The changing demographics and the ageing populations in many regions have led to top heavy societies. In the developed world the issue of changing demographic profile needs no explanation and whilst the changes happen at glacial pace they really matter.
We found some statistics about the changing global demographics eye opening:
- Currently there are 20 countries with declining populations; by 2050 this is expected to be 80 countries.
- In the not too distant future it is expected that all of the main economic forces in the world will see a decline in their working population apart from the US.
- Germany needs 650k net migration every year for the next 20 years just to keep the workforce flat.
The changing demographics and ageing population profile of different regions has originated some new investment ideas. For global equity investing, it is important that we identify companies where there is a positive change in their business or operating environment, but the stock market valuations and forecasts are not fully reflecting the implications of such change.
Some companies are set to benefit from the changing demographics and aging populations, such as those with a core business on accommodation for the older generations and healthcare.
In the UK, it is forecast that the number of over 55’s is growing at twice the rate of the UK population average, implying that in 15 years’ time there will be approximately one third more over 55’s than there is today.
One of the companies looking to benefit from this changing demographic is McCarthy & Stone, a leading UK retirement home builder. According to McCarthy & Stone, it accounted for 70% of this niche privately-owned retirement accommodation in the UK, focusing on selling homes to over 55’s. The McCarthy & Stone products are priced to attract older residents wishing to downsize and release equity. The facilities are custom built for the demographic they serve and include common spaces and house managers although the accommodation still provides separate living.
When looking for opportunities in the global equity universe, it is important that we constantly meet with companies and discuss industry trends with their peers, suppliers, and other companies who serve the same end market so as to build a view on the strength of different companies’ potential customers, test our investment thesis and challenge our non-consensus angle.
From our analysis, McCarthy & Stone’s internal transformation programs are expected to lead to greater margins than the market expects. Their land bank acquisitions have been executed at better gross margins than the market believes, which is driven by higher hurdle rates set by management. It is believed that they are capable of accelerating completions above the targeted 3,000 pa.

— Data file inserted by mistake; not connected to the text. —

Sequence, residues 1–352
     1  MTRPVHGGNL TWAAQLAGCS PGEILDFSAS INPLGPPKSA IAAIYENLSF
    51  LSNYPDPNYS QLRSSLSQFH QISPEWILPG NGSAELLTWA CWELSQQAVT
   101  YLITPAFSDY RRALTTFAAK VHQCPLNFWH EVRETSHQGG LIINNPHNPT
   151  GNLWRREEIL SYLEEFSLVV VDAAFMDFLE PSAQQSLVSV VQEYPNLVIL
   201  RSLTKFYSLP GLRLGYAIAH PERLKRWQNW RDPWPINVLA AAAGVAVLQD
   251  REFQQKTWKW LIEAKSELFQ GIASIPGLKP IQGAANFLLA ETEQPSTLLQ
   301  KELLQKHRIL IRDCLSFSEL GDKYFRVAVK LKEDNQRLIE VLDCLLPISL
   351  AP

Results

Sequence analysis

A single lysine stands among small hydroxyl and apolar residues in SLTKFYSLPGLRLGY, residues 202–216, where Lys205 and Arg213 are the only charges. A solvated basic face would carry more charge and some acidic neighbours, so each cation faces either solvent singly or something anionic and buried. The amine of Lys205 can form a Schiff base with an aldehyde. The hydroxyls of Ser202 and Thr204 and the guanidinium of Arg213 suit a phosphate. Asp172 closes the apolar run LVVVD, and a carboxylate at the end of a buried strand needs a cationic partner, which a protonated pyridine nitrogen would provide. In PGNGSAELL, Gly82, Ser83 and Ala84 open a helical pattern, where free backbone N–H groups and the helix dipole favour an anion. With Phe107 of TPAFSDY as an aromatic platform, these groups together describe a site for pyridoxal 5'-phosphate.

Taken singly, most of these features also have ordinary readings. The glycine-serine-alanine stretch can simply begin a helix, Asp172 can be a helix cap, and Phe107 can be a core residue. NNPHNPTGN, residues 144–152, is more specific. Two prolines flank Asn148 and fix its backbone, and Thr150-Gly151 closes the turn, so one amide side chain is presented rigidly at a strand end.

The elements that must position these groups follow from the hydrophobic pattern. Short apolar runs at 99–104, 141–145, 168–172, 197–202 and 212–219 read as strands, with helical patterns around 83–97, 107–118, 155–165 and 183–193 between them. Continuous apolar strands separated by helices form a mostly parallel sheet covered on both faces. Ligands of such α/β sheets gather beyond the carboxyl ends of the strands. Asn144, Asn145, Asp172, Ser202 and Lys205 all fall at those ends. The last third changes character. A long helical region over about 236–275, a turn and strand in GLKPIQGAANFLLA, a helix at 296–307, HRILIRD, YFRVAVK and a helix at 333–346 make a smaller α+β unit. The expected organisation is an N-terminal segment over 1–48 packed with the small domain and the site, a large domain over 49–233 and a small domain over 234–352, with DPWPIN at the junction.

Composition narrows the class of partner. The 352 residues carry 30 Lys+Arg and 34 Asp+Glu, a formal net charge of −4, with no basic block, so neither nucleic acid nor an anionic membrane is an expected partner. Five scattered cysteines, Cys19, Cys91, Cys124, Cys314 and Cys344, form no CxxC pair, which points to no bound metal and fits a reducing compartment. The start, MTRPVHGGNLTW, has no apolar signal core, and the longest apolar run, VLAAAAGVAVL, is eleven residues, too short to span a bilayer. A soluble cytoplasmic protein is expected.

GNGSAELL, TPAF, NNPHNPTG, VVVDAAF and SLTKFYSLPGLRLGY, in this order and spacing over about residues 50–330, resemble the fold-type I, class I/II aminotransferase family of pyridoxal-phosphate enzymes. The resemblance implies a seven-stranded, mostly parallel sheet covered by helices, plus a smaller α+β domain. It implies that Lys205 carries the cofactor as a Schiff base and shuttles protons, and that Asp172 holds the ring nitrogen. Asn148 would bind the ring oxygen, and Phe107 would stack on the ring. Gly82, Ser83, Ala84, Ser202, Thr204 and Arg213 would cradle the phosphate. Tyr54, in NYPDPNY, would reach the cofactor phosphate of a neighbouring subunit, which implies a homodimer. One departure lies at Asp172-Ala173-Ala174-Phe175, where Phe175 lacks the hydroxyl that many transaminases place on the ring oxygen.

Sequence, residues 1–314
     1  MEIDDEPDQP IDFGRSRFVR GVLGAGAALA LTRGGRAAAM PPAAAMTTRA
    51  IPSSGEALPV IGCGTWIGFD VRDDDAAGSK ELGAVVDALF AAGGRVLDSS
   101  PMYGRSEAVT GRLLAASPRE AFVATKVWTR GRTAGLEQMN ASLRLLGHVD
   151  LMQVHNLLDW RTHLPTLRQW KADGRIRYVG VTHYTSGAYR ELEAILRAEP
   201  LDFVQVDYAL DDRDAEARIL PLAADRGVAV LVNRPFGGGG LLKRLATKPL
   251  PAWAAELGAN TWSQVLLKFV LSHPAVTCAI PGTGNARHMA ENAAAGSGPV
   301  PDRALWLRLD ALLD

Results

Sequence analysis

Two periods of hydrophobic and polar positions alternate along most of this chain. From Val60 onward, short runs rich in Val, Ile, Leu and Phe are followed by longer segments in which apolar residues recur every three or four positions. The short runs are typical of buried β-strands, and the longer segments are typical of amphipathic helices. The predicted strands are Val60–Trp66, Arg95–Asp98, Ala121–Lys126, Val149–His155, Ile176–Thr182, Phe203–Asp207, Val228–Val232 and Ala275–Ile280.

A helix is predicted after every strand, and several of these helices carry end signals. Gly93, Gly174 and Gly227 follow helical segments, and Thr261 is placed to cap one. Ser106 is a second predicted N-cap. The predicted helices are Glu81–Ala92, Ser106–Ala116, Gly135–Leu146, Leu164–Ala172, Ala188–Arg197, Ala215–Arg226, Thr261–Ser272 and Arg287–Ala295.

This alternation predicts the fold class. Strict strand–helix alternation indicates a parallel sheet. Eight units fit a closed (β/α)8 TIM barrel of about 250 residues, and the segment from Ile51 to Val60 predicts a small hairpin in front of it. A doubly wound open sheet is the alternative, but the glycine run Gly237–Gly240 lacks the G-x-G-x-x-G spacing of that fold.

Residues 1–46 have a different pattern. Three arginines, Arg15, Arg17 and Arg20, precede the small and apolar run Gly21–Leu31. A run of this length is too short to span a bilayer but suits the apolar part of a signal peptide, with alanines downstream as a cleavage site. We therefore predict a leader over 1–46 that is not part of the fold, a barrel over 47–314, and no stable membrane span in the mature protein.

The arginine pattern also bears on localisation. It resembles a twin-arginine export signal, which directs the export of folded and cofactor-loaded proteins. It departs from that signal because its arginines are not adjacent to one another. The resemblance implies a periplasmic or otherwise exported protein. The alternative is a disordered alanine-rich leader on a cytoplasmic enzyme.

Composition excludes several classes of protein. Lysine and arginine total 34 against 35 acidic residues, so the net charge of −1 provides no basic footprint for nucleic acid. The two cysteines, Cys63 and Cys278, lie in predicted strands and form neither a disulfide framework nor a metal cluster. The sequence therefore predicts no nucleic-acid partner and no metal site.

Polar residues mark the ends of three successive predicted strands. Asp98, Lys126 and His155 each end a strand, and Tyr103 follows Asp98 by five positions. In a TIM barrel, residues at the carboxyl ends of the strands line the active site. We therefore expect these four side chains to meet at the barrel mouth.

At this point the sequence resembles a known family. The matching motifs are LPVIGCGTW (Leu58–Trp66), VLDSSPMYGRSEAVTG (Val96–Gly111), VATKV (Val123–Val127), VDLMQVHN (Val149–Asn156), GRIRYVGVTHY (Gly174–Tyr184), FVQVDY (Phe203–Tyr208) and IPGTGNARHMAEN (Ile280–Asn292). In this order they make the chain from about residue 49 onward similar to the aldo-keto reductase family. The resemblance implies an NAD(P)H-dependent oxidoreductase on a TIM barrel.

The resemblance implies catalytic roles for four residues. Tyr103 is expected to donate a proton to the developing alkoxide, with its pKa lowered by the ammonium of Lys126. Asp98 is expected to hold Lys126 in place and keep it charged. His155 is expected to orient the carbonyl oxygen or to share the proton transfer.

Another interesting example is Orpea, a French listed operator of high end nursing homes with majority of the business in France currently. However, due to limited licences being granted in France, this company has focused the growth overseas, primarily in Europe but also with one early stage venture in China.
By understanding the company's on-the-ground approach to M&A and their international greenfield expansion plans which are already in motion, we believed that sustainability of 5% M&A growth and acceleration of organic growth to above 5% from 2018 is not in consensus numbers.
Regulation around licences and the inability to do a deal to buy scale makes it hard for competition to present a large threat in their markets. There are no new licences being granted in France and besides Orpea and Korian there are no large competitors. In addition, there is a hugely inadequate stock of specialised care beds for the last stages in life. Growth opportunities therefore exist for a top end operation like this where the focus is on providing very high quality care home for the older generation.
The changing demographic profile in different regions bring challenges but also investment opportunities. Market very often is not fully appreciating the positive implications of some of those positive changes companies are undergoing – investors should focus on identifying such opportunities.
Column by SLI written by Mikhail Zverev, Head of Global Equities, Standard Life Investments
Mikhail is the Head of Global Equities at Standard Life Investments, where he also serves as a portfolio manager on a number of Global Equity funds. Mikhail started his career in 1998 with Trigon Capital, an Eastern European investment banking firm, where his focus was on technology investment banking. He gained his MSc Accounting and Finance from London School of Economics and joined the investment banking division of Schroder Salomon Smith Barney in London in 2001, before moving to First State Investments as an Analyst, UK equities in 2002.